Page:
Node6 = [ 1 , 0 , 1 ]

Node7 = [ 1 , 1 , 0 ]

Node8 = [ 1 , 1 , 1 ]

Node9 = [0.5,0.5,0.5]

R10 = [ Node4 - Node8 ]

R11 = [ Node6 - Node8 ]

R12 = [ Node7 - Node8 ]

Rj = [ Node7 - Node1 ]

Rk = [ Node1 - Node6 ]

Rl = [ Node4 - Node1 ]

Rm = [ Node4 - Node9 ]

Rn = [ Node7 - Node9 ]

Ro = [ Node6 - Node9 ]

[Step 3]

Do y to delta transform on R10, Rl & Rm. This will eliminate Node4, and results in Rp,Rq,Rr.

Do y to delta transform on R11, Rk & Ro. This will eliminate Node6, and results in Rs,Rt,Ru.

Do y to delta transform on R12, Rj & Rn. This will eliminate Node7, and results in Rv,Rw,Rx.

Rp = [ Node1 - Node9 ] = (Rl*R10 + Rl*Rm + R10*Rm ) / R10

Rq = [ Node9 - Node8 ] = (Rl*R10 + Rl*Rm + R10*Rm ) / Rl

Rr = [ Node8 - Node1 ] = (Rl*R10 + Rl*Rm + R10*Rm ) / Rm

Rs = [ Node1 - Node9 ] = (Rk*R11 + Rk*Ro + R11*Ro ) / R11

Rt = [ Node9 - Node8 ] = (Rk*R11 + Rk*Ro + R11*Ro ) / Rk

Ru = [ Node8 - Node1 ] = (Rk*R11 + Rk*Ro + R11*Ro ) / Ro

Rv = [ Node1 - Node9 ] = (Rj*R12 + Rj*Rn + R12*Rn ) / R12

Rw = [ Node9 - Node8 ] = (Rj*R12 + Rj*Rn + R12*Rn ) / Rj

Rx = [ Node8 - Node1 ] = (Rj*R12 + Rj*Rn + R12*Rn ) / Rn

Now, its 3 nodes and 9 resistors.

Node1 = [ 0 , 0 , 0 ]

Node8 = [ 1 , 1 , 1 ]

Node9 = [0.5,0.5,0.5]

Rp = [ Node1 - Node9 ]

Rq = [ Node9 - Node8 ]

Rr = [ Node8 - Node1 ]

Rs = [ Node1 - Node9 ]

Rt = [ Node9 - Node8 ]

Ru = [ Node8 - Node1 ]

Rv = [ Node1 - Node9 ]

Rw = [ Node9 - Node8 ]

Rx = [ Node8 - Node1 ]

Simplifying the parallel resistors, we have..

Rp || Rs || Rv @ [ Node1 - Node9 ] > Raa = ( Rp || Rs || Rv ) = 1 / ( 1/Rp + 1/Rs + 1/Rv )

Rq || Rt || Rw @ [ Node9 - Node8 ] > Rbb = ( Rq || Rt || Rw ) = 1 / ( 1/Rq + 1/Rt + 1/Rw )

Rr || Ru || Rx @ [ Node8 - Node1 ] > Rcc = ( Rr || Ru || Rx ) = 1 / ( 1/Rr + 1/Ru + 1/Rx )

Now, it's 3 nodes and 3 resistors.

Node1 = [ 0 , 0 , 0 ]

Node8 = [ 1 , 1 , 1 ]

Node9 = [0.5,0.5,0.5]

Raa = [ Node1 - Node9 ]

Rbb = [ Node9 - Node8 ]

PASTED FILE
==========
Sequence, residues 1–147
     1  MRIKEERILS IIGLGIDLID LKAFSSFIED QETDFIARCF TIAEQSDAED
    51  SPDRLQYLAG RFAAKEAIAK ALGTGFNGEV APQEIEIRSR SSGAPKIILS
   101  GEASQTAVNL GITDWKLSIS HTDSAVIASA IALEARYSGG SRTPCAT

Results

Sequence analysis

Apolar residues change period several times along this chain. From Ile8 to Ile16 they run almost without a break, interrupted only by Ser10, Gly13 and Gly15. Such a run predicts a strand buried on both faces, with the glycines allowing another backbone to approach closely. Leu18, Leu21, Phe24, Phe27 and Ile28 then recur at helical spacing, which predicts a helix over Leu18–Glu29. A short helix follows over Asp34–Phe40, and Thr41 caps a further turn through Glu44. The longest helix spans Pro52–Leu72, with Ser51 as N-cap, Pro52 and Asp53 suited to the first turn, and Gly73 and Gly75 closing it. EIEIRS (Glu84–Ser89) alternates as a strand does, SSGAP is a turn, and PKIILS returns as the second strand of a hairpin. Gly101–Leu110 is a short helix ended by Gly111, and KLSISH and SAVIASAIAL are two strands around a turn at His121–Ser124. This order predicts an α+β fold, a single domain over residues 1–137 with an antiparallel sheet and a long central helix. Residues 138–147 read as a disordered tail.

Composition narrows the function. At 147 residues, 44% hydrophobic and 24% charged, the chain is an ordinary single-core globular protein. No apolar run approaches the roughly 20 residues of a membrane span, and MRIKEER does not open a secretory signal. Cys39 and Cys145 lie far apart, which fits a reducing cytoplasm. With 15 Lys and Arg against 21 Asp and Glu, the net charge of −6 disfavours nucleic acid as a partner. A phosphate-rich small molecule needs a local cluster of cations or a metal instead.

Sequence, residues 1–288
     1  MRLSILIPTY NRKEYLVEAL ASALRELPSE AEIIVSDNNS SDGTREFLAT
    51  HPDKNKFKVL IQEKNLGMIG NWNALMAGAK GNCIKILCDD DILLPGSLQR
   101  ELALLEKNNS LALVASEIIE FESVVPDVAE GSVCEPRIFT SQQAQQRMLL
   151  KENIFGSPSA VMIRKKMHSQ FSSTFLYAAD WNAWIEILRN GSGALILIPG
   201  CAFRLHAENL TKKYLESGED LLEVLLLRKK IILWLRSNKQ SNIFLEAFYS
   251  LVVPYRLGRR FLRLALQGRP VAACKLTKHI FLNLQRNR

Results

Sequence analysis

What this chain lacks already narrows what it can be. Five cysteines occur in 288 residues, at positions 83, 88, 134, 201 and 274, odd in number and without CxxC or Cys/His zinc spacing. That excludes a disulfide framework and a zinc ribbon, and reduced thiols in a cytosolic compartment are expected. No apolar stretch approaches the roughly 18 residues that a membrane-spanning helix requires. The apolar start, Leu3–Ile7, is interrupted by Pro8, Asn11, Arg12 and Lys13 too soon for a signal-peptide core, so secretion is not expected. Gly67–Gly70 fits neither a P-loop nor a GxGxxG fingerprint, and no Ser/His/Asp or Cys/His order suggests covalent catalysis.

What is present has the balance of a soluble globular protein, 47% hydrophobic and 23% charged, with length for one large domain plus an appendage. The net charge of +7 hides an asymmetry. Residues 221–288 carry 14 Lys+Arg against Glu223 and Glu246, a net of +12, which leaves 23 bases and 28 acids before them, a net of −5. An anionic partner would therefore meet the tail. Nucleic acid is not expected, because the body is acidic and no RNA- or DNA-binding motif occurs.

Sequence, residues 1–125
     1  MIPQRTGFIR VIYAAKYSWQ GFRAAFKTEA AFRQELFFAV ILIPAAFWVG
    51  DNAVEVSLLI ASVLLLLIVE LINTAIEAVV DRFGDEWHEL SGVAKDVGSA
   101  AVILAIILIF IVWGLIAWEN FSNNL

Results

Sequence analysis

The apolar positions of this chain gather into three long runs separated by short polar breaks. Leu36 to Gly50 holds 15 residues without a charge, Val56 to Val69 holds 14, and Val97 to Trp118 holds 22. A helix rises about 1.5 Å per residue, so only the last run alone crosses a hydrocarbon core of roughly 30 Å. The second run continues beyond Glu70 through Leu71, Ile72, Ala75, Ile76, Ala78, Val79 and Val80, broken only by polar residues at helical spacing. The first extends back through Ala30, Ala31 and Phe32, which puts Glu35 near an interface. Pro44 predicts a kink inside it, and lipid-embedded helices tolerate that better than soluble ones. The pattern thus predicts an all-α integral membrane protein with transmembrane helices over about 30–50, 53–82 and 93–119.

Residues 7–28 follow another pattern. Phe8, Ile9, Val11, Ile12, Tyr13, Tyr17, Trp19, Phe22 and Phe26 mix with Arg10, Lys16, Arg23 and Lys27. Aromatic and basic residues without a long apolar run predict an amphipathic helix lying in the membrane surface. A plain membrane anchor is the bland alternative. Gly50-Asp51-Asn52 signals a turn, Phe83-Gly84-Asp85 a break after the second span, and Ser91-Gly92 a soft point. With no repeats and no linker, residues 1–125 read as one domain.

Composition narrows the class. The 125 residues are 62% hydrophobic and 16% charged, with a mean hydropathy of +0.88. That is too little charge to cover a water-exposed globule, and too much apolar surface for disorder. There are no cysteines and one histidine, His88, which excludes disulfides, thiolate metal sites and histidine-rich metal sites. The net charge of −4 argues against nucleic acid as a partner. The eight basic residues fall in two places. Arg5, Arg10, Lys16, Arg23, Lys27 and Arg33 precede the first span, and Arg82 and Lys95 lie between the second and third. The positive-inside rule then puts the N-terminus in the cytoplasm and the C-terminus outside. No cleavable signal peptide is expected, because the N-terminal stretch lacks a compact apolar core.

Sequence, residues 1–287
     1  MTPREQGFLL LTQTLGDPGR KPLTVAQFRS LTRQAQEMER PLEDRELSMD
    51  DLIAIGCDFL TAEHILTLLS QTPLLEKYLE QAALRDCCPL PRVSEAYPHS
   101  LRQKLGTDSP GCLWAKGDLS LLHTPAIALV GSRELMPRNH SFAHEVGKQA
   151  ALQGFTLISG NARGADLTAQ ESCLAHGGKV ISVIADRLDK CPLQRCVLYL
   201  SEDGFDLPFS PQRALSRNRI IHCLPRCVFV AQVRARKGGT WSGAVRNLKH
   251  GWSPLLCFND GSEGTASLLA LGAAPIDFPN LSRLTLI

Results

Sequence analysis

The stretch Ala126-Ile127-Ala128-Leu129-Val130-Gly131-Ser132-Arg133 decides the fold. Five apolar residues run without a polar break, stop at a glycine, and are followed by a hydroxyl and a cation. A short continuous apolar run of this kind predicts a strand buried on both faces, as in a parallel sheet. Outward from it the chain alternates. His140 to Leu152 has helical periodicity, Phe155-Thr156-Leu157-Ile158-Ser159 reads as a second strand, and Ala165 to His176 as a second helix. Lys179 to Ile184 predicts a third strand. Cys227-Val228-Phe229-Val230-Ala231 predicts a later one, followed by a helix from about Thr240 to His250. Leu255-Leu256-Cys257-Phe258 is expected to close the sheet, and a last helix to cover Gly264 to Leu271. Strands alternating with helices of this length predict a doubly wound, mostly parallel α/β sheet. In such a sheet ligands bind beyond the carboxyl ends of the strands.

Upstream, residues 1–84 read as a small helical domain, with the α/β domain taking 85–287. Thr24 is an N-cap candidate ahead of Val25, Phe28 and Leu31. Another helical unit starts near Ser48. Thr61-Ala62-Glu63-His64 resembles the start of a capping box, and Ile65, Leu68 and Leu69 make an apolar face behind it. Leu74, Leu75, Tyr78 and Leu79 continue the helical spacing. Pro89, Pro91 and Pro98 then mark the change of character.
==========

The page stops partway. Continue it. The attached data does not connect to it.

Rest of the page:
Rcc = [ Node8 - Node1 ]

[Step 4]

Since our Rfinal = [ Node1 - Node8 ]

So,

Rfinal = ( ( Raa + Rbb ) || Rcc ) = 1 / ( 1/( Raa + Rbb ) + 1/Rcc ) = Done!(15 votes)

- dosn't AutoCad have a circuit simulator??(2 votes)
- Yes. The company that brings you AutoCad is AutoDesk. They offer a free simulator: https://circuits.io/

Another simulator you can try out is Circuit Sandbox, at my new web site: http://spinningnumbers.org/circuit-sandbox/index.html

No installation, no signup, just click on the link and draw a schematic.(4 votes)

- How can I find the resistance of a missing resistor in a series parallel circuit?(2 votes)
- By Ohm's law, you can find the equivalent resistance of the whole circuit. And once you know the equivalent resistance, you can calculate the unknown resistance.

[1/Req = 1/R1 + 1/R2](1 vote)

- Where can i find the assignments ( circuit mathematics ) and practice it ?(1 vote)
- Each of the articles on the different circuit analysis methods has an example circuit. If you want to construct a set of exercises, gather all those circuits and solve each one using all the different methods (Node Voltage, Mesh Current, Fundamental Laws, Superposition). If you can do that you will have a good grasp of the topic.(2 votes)

- I might not be asking this in the right area, but I noticed something that kinda confuzzled me on the “Kirchhoffs Laws of Voltage” video. I was watching the first few minutes of it when I came across the equation that states that a rise in voltage will eventually drop at an equal amount. This happened at around2:30in the video. The equation was...

Vrise - Vdrop = 0

What I don’t get is when he input the voltage rise and drop into the equation, he wrote the drop first and then the rise. I know that the equation is correct and I know that the answer of 0V is correct, but I’m just confused about why he set it up the way he did. Is that a standard way of writing it? Are both ways okay?(1 vote)- The video you are asking about is https://www.khanacademy.org/science/electrical-engineering/ee-circuit-analysis-topic/ee-dc-circuit-analysis/v/ee-kirchhoffs-voltage-law

I'm not seeing what you describe. At2:37the equation is 10 (the voltage rise going through the source) - 10 (the voltage drop going through the resistor) = 0.

The same thing happens again at3:50, with 1 rise of 10v and 2 drops of 5v each.(1 vote)

- could you explain thevinin method as soon as possible you can(1 vote)
- You can find Thevenin's Theorem completely described here, https://spinningnumbers.org/t/topic-dc-analysis-special.html.

I suggest you start with the articles on Source Transformation. Then go on to read about Thevenin.(1 vote)

- i can't find Thévenin's stuff here for some reason(1 vote)
- Here is Thevenins Theorem in full glory. https://spinningnumbers.org/t/topic-dc-analysis-special.html(1 vote)